Marine mammals are often the top predators in a given food web; however, since these animals spend much of their time underwater and often away from the coast, this potentially limits our ability to obtain a complete ecological understanding of these important animals, including the determination of their dietary preferences and adaptations. Recently, the analysis of so-called highly branched isoprenoid (HBI) lipids from marine diatoms has provided new insights into the feeding habits of lower trophic level marine animals. In the present study, we extended this approach to higher trophic levels by examining for the presence of these marine diatom HBI biomarkers in seven marine mammal species from both Arctic and temperate regions.Analysis of sub-samples of the livers of Arctic marine mammals revealed the presence of the sea ice diatom biomarker IP25, thus providing evidence for trophic transfer of this lipid from sea ice algae. Our analysis also demonstrated the occurrence of additional HBI lipids in both Arctic and Atlantic marine mammals that are likely indicative of trophic transfer from phytoplanktic diatoms. Although the reasons for the highly variable abundances of the HBIs in individual specimens are uncertain at this stage, the differences in the relative distributions of the individual HBI isomers in mammals from the Arctic and the Atlantic, suggests that these have the potential to provide novel information regarding different dietary sources from the two regions. Further, our analyses demonstrate that HBIs are distributed homogeneously within striped dolphin (Stenella coeruleoalba) liver tissue, thus validating the sub-sampling technique employed for other specimens here. Validation of this sampling technique also provides the necessary confidence to facilitate advancement of the study of HBIs in large marine mammals. © 2013. Source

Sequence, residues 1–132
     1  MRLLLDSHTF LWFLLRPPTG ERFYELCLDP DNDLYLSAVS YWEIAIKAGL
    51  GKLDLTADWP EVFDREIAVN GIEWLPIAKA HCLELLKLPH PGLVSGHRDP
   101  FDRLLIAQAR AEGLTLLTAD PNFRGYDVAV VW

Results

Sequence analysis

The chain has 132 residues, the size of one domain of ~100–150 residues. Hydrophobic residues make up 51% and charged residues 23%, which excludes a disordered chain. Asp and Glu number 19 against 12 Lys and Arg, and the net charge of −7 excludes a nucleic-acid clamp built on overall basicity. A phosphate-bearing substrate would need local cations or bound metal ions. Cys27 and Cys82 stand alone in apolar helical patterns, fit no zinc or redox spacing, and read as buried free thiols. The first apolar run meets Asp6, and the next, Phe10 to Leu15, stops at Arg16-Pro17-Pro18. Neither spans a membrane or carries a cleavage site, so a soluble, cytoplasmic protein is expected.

Murphy S.,UK Institute of Zoology | Barber J.L.,Center for Environment | Learmonth J.A.,University of Aberdeen | Read F.L.,University of Aberdeen | And 9 more authors.
PLoS ONE | Year: 2015